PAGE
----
>Texas scientists have developed a method to extract virus-killing “T-cells” and induce them to attack 3 types of viruses, cytomegalovirus, Epstein-Barr virus, and adenovirus. The cells can then be placed back in the body of the original patient.
This technique is useful in the care for patients after bone marrow transplants, when the patient is especially susceptible to infection. T-cells are a group of white blood cells that help fight infection, especially viral infections. Most of us would never notice these infections or become only slightly ill with “Mono,” a “stomach bug,” cold symptoms, or “pink eye” before our own T-cells learned to attack and control the multiplication of the virus. In transplant patients, however the infections are life-threatening.
(In fact, the next time you donate blood, look at the report you get back: most adults are “CMV positive.” Their blood will not be used to transfuse CMV negative pregnant women, immunocompromised patients or sick children, but is not a problem in most adults.)
Science Daily reports on the success of researchers at Baylor College of Medicine, The Methodist Hospital, and Texas Children’s Hospital in Houston, Texas in developing the technique resulting in Trivirus-specific cytotoxic T lymphocytes (CTLs).
“Not only were patients prevented from getting these infections after transplant, but those patients who had infections responded to the T-cell therapy and did not require any other treatment,” said senior author Dr. Catherine Bollard, assistant professor of pediatrics, immunology, and medicine at BCM and a researcher at the Center for Cell and Gene Therapy at BCM, Methodist and Texas Children’s. “To make dramatic recoveries like these was really quite something.”
The research team drew cells from bone marrow donors and “trained” T-cells to target the three viruses before injecting them into transplant recipients.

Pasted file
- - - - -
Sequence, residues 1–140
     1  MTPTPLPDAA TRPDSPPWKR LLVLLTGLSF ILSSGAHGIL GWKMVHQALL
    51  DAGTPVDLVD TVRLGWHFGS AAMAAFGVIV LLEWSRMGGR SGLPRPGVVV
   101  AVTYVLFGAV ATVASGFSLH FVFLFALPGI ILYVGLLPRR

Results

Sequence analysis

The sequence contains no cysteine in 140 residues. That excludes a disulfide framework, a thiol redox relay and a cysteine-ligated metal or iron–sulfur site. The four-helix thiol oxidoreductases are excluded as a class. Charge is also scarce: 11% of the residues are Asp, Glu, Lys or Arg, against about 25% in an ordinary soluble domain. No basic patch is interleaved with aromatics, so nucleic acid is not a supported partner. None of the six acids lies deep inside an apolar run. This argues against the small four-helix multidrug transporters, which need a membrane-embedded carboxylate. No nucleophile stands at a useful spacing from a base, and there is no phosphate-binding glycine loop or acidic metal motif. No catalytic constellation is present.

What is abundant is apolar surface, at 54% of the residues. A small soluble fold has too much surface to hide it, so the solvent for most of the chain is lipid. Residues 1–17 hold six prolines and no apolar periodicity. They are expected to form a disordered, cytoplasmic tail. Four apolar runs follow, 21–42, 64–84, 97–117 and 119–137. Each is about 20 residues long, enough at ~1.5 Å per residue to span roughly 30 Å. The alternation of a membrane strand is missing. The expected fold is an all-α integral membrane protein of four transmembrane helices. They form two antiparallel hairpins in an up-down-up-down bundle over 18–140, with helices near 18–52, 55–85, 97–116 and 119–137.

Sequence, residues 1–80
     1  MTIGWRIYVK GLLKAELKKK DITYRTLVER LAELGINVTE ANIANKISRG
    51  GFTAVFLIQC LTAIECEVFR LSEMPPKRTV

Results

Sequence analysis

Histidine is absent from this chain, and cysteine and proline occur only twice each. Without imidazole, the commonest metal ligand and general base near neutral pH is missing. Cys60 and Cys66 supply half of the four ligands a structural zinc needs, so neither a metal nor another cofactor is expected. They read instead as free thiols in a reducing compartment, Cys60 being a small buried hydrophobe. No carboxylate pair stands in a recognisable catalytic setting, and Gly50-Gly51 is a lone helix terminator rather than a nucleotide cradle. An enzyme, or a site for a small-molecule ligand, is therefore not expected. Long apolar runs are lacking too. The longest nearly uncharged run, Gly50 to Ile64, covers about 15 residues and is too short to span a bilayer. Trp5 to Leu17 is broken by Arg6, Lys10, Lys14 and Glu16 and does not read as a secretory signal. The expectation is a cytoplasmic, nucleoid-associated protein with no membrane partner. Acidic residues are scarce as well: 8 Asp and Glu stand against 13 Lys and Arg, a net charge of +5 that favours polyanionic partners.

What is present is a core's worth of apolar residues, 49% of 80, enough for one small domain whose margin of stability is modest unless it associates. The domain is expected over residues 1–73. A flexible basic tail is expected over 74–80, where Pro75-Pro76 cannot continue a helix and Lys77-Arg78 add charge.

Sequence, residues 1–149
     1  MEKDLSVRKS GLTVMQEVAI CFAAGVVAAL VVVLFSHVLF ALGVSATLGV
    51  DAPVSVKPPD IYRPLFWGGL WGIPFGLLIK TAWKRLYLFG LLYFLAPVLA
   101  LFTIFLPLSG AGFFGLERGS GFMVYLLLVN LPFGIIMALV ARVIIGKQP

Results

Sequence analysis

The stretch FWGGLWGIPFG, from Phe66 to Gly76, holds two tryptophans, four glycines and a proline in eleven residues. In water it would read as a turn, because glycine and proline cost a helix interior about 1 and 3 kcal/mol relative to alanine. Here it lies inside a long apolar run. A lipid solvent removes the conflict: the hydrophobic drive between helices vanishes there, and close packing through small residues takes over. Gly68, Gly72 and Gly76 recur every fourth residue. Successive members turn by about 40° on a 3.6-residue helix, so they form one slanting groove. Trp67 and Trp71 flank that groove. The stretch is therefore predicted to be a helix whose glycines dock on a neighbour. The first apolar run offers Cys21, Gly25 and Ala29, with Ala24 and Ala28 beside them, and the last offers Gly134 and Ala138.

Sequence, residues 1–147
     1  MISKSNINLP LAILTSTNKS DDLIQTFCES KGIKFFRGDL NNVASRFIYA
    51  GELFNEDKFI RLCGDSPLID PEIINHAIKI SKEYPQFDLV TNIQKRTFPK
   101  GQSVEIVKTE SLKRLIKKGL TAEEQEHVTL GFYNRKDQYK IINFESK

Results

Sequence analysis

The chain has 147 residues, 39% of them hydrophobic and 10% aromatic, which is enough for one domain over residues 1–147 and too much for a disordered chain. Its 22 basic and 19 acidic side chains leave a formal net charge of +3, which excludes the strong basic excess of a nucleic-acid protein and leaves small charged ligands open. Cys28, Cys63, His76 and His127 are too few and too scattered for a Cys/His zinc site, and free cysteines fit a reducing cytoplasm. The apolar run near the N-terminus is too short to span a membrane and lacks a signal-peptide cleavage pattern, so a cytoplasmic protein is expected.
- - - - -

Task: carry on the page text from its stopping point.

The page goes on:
“Drugs only control the virus. They don’t cure the underlying problem,” said Bollard. “Whereas by introducing these specialized T-cells, we are fixing the underlying problem. Using your own immune system is preferable to chemical agents, which can have toxic side effects.”
Although the CTLs must undergo further testing, the early results suggest the combination therapy to be more, cost-effective, and safe than traditional therapies and more practical than cell-based therapies that target EBV and CMV separately, both of which are carried in roughly 80 percent of all people. Adenoviruses are common viruses carried in all populations.
“There is no safe and effective therapy for patients with adenovirus infections at the moment, so if you get an infection after a transplant it becomes very problematic,” said first author Dr. Ann Leen, BCM instructor of pediatrics at the Center for Cell and Gene Therapy. “So we trained certain T-cells to target this virus.”
Bollard envisions one day extending the application of CTLs to other people with compromised immune systems, such as cancer patients undergoing chemotherapy. The therapy could also potentially be used in babies, who are more susceptible to adenovirus infections than other age groups.